::: I was busy writing, I was overcome by a sudden desparate need to bake a loaf of bread from scratch (a sourdough rye loaf if you’re interested). All that mixing and kneading, getting the hands alternately sticky and flour-covered as I worked the dough, is calm therapy for an overactive mind.

The finished loaf

::: I was hungry and the loaf was still warm from the oven, I couldn’t resist accepting the invitation to partake. So (after eating the end crust) I took a knife to that delicious crunchy exterior and cut two thick slices.

The first few slices

::: I am Australian, and it makes perfect sense, I spread one side of those slices first with butter and then with vegemite. It didn’t take me long to fill my stomach and return that plate to empty.

The perfect serving suggestion

::: I associate this meal with being a child on holidays from primary school, reading a book at the dining room table while waiting patiently for my dad to bring home a fresh loaf of bread (he works for a bakery you see). In thinking of this memory, I felt nourished and comforted in ways that go well beyond the simple act of satisfying a hungry appetite.

Mocha Macarons

This was a first for me … I’ve never before played around with the dark art of macaron making. It was a lot of faffing about with different things and precise instructions (not my favourite way of cooking), and while my mocha creations tasted delicious I’m not sure I’d hurry to make them again. But it’s OK macarons of the world, I’ll still love you forever more.

Mixing and Melting IngredientsMaking RoundsMmm ... macarons with chocolate and coffee

Other recent happenings:

Making … Anzac biscuits (thick & chewy), lemon yoghurt cake for a certain special someone’s birthday.

Watching … The Avengers (hello RDJ, hello Chris Hemsworth), Mission Impossible: Ghost Protocol again (lots of fun – an easy watch), X-Men First Class again (why hello Mr Fassbender). Clearly it’s been a month for blockbusters and handsome men (hello husband!).

Writing … lots and lots.

Reading … Frankie, Casual Days (makes me miss Singapore), Super Natural Every Day (lots of delicious meals).

Enjoying … the cool and rainy weather (autumn is so lovely).

After finishing my couch-to-5k running program a while ago, I’ve since embarked on a half-marathon training program just for the hell of it. I’m only in week two, but I’m falling more and more in love with my treadmill, so it’s been going really well so far. Before I go, I must also say thank you for your very sweet comments on my previous post … you guys are the best! :)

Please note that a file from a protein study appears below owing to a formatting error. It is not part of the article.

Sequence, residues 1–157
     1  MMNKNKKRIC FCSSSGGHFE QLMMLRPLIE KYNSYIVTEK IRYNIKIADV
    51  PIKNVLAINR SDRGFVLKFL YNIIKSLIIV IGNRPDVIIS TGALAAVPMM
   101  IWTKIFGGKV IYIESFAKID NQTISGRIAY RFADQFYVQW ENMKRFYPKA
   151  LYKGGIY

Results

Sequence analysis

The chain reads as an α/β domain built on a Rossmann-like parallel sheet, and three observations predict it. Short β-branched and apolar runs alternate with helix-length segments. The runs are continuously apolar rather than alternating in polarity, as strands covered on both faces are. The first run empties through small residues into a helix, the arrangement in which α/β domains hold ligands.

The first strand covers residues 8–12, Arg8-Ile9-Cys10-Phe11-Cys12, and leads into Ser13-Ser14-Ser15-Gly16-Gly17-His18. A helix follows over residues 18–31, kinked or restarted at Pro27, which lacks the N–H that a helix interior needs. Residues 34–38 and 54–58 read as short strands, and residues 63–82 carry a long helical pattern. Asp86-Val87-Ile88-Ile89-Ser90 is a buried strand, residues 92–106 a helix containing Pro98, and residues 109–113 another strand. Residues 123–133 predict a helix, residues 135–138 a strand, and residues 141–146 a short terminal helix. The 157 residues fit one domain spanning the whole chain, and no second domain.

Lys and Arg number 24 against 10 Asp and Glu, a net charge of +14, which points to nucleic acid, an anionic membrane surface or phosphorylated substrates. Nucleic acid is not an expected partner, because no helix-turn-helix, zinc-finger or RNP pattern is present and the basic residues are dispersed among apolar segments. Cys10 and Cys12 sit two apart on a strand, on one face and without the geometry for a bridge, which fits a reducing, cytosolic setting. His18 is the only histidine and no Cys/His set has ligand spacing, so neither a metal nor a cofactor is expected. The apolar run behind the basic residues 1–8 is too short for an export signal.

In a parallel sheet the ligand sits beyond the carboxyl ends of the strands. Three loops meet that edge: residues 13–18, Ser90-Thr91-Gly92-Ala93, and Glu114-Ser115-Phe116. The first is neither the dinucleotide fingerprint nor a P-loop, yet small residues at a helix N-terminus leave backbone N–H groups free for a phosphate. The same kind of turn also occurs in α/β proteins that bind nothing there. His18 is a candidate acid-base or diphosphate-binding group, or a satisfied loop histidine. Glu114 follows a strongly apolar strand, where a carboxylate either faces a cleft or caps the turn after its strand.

PS. Don’t forget to pop over to lucent imagery to see what macaron loveliness she came up with for this month’s foodie challenge.

Living dangerously in the kitchen …

… (and I’m not talking about the knives). Do you play it safe in the kitchen? Are you a must-follow-the-rules kind of person? I always thought I was pretty much like that, but I’ve come to realise that I’m actually a bit of a risk-taker when it comes to cooking and baking. Shhh, don’t tell anyone …

Butter cake ... the high risk version

At high school and later at Uni I studied science – physics, chemistry, biology, botany, zoology, geology … I’m probably missing a few, but the point is that I studied a whole range. Out of all of them it was probably chemistry which taught me the importance of precision in both following instructions and the measurement of liquid chemicals. A lot of that knowledge found its way into my cooking habits … well, to a certain extent anyway.

I still measure liquid ingredients properly and even invested in some scales a few years back so I could weigh the solid stuff! But apart from that I seem to apply a much more relaxed attitude towards my cooking … Here’s a little taste of what I get up to:

  • Once I’ve made something by carefully following the recipe, every time after that I tend to just ‘play it by ear’.
  • I don’t always sift flour.
  • Near enough is sometimes often good enough for me. For example, if something has a teaspoon of salt, I probably won’t measure it and just guess at the amount.
  • When a recipe calls for melted butter I never use a stove-top saucepan, instead I melt my butter in a glass bowl which I place in a sink filled with boiling water (it involves less cleaning and requires less effort).
  • I always replace dairy milk with soy milk (there’s no cow milk in my house).

Goodness, my high school ‘Home Economics’ teacher would be so proud (not). I never really liked her much, but I’m sure she’d be happy to know that I still follow two of her kitchen rules of thumb – ‘always gradually add liquid to dry’, and ‘be mean with the dry and kind with the liquid ingredients’ … what a strange subject that now seems to have ‘studied’ at school.

Perhaps my dangerous approach to cooking can mostly be put down to laziness or convenience, but I like to think that some of it’s due to the rush of adrenaline that comes from not playing by the rules and still achieving a great end result. Care to join me in a little culinary risk-taking?? (I’ll even let you share in the finished product).

Long weekends … time enough for baking

Did you have a lovely extra long weekend? As this wonderful collection of public holidays draws to a close, I found a moment to sit down with a piece of chocolate slice and a cup of tea … it also seems like the perfect time to catch up with blog friends and reflect on the weekend that was.

For me, it seemed to be the weekend for baking, and lots of it. Apart from indulging in a few different chocolate slices, I decided to try my hand at baking ‘Hot Cross Buns’ for the first time. While my first batch turned out to be particularly crude and ugly, they tasted rather lovely. But boy oh boy, they took a lot of hard work and a huge investment of time. Have you ever made your own?

Making 'Hot Cross Buns' at home

While I don’t think I’ll be rushing into making another batch of ‘Hot Cross Buns’ any time soon, I hope that next time I’ll be much better at it and perhaps end up with a ‘prettier’ result. I have newfound respect for the work that bakers do each and every day.